by Camila Schaulson Frenz
The Center for Architecture is proud to announce the recipients of the 2017 Arnold W. Brunner Grant for Architectural Research: Dr. Stephanie Ryberg-Webster from Shaker Heights, Ohio, for “Restoring the Rustbelt: Historic Preservation amid Urban Decline, Cleveland, Ohio: 1970-1985,” and Seher Erdogan Ford, AIA, from Philadelphia, Pennsylvania, for “From Church of Studius to Mosque of Imrahor and Beyond: Architectural Heritage in VR.” Each recipient was awarded $7,500 to further their architectural investigations.
The Arnold W. Brunner Grant is awarded to mid-career architects for advanced study in any area of architectural investigation that will effectively contribute to the knowledge, teaching, or practice of the art and science of architecture. Projects are judged based on their engagement with contemporary local and global architectural issues and the usefulness of the research’s end product. Applications for the 2018 Arnold W. Brunner Grant are due Thursday, February 1, 2018.
Dr. Stephanie Ryberg-Webster, “Restoring the Rustbelt: Historic Preservation amid Urban Decline, Cleveland, Ohio: 1970-1985”
Dr. Stephanie Ryberg-Webster is an Associate Professor and Program Director for the Master of Urban Planning & Development Program at the Levin College of Urban Affairs at Cleveland State University. She is a prominent scholar in urban history and architectural preservation with a focus on post-industrial cities. She earned tenure in 2016 for her research on the history of architectural preservation, historic rehabilitation tax incentives, and the preservation of African American heritage in Cleveland. Ryberg-Webster earned a PhD in City and Regional Planning at the University of Pennsylvania School of Design. She holds a Master of Historic Preservation from the University of Maryland School of Architecture, Planning & Preservation and a Bachelor of Urban Planning from the University of Cincinnati. Ryberg-Webster also sits on the board of the Cleveland Restoration Society.
Ryberg-Webster’s project, “Restoring the Rustbelt: Historic Preservation amid Urban Decline, Cleveland, Ohio: 1970-1985,” explores the role of 1970s-era historic preservation in shaping contemporary Cleveland. She will investigate how a preservation ethic emerged in a subset of local civic leaders as a means of revitalizing their city amid severe urban crises. Relying on archival research and interviews, Ryberg-Webster seeks to explore the motivations of actors engaged in preservation, uncovering the challenges of restoring the built environment of a declining city.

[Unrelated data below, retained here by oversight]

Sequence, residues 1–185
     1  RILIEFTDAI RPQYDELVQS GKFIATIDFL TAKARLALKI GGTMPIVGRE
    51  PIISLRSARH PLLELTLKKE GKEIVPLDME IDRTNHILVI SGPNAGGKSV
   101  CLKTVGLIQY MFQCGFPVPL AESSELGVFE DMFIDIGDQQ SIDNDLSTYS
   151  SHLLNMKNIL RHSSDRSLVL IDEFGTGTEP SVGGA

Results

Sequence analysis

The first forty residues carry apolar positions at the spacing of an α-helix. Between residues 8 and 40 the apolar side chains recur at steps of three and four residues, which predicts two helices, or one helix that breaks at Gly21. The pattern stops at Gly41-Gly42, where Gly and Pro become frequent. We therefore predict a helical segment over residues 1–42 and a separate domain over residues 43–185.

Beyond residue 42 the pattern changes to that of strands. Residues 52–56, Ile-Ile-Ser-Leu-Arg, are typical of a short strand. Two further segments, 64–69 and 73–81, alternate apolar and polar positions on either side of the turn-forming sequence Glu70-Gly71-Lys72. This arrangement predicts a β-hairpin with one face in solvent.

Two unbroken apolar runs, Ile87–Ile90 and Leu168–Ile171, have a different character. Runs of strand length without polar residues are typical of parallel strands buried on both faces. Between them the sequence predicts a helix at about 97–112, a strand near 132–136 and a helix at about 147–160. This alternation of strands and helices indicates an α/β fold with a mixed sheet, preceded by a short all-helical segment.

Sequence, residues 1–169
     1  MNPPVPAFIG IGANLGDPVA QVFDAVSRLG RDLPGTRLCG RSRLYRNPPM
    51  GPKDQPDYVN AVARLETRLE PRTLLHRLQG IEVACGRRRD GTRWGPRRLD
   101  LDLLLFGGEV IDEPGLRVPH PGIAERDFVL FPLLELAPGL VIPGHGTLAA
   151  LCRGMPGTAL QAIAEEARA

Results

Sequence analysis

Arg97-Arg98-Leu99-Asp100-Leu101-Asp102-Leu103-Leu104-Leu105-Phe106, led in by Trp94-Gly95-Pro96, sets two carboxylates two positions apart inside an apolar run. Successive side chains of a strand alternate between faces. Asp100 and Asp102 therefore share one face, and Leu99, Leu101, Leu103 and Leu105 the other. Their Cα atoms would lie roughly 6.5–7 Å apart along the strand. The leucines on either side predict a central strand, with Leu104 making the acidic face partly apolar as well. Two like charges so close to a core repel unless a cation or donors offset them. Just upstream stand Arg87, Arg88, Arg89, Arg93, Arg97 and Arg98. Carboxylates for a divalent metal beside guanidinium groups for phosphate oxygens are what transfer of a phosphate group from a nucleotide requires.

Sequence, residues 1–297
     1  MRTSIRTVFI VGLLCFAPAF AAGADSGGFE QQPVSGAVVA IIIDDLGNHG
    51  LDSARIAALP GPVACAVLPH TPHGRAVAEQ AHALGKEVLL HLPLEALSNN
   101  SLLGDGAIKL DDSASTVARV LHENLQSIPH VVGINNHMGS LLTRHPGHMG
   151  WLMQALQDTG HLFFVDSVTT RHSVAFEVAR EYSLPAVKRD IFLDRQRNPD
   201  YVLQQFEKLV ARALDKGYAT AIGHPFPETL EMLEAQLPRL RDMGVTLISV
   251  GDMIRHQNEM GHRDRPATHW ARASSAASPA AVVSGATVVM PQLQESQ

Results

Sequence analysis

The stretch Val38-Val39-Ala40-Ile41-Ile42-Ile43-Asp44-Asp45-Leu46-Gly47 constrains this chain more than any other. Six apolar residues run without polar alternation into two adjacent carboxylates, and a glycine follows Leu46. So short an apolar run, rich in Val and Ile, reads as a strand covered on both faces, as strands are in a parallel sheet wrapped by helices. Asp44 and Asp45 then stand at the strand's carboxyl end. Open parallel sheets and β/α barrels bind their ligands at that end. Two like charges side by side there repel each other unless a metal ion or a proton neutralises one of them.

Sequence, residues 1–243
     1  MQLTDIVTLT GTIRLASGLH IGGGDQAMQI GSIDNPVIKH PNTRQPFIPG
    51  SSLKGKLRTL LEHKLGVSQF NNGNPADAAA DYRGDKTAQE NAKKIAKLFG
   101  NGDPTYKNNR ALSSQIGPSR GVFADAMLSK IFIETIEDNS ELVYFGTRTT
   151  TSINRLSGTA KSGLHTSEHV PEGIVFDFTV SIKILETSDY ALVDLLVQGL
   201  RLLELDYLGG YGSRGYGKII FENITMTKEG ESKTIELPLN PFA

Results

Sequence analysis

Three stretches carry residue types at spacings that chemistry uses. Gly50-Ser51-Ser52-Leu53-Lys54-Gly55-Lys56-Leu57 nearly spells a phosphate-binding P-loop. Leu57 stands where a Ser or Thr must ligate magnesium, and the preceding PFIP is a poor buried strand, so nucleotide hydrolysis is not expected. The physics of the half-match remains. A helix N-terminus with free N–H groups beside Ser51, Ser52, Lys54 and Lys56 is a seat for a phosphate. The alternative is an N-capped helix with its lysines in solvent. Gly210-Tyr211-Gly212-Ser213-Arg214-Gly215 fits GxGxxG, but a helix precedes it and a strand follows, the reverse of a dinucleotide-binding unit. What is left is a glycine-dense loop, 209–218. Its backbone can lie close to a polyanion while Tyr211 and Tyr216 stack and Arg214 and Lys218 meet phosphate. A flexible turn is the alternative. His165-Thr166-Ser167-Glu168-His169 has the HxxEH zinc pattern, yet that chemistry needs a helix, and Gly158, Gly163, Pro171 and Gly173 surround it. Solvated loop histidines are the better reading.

Ryberg-Webster’s work is part of the growing literature on the history of preservation. While focusing on Cleveland, her research also advances scholarship around the preservation of rust-belt cities in the face of decades of entrenched economic and population loss, deterioration, and abandonment. Tensions about how to revitalize these cities remain prominent in public discourse; a better understanding of historical motivations for preservation provides lessons for scholars, practitioners, and policymakers. Ryberg-Webster’s research will be disseminated via a scholarly book and will be presented at numerous planning and historic preservation conferences.
Seher Erdogan Ford, AIA, “From Church of Studius to Mosque of Imrahor and Beyond: Architectural Heritage in VR”
Seher Erdogan Ford, AIA, is co-founder of EFFO, a design and research practice based in Philadelphia and Istanbul. She is also an Assistant Professor and Foundations Coordinator at the Tyler School of Art at Temple University. From 2013-2015, she served as a full-time lecturer at the Faculty of Art & Design at Kadir Has University in Istanbul, Turkey. Her research focuses on architectural heritage and representational and documentation techniques assisted by new, digital media. A licensed architect in New York State, Erdogan Ford worked at Gwathmey Siegel Associates, Robert A.M. Stern Architects, and Rogers Marvel Architects. Ergodan Ford received a Bachelor of Arts and Master of Architecture degrees from Yale University, where she was the recipient of Moulton Andrus Award for excellence in art and architecture.
Erdogan Ford’s Brunner proposal, “From Church of Studius to Mosque of Imrahor and Beyond: Architectural Heritage in VR,” will explore the complex and multi-layered history of a 1,600-year-old building, a contested site of multiple histories and identities. Originally a 5th-century Byzantine basilica church, the Church of Studius was converted to a mosque after the 15th-century conquest of Istanbul. It subsequently served as a Sufi lodge, was closed by the Turkish Republic in the early 20th century, and is now scheduled for reopening as a mosque under the auspices of the Turkish Republic Directorate of Cultural Heritage and Museums.
Beyond advancing scholarship and awareness around the oldest remaining ecclesiastical Byzantine structure in Istanbul, Erdogan Ford’s project offers a critique of conventional modes of architectural representation, often inadequate at integrating the complexities of cultural context, temporal aspects, and non-visual sensory qualities. She seeks to publish a dynamic, web-based platform of the site in 3D at different points in time, enhanced by a multimedia archive and virtual reality technology. Erdogan Ford’s proposal will serve as a model for a digital, three-dimensional research and design tool working within the historic context, developing an augmented version of sites that connects their material history with sociocultural factors.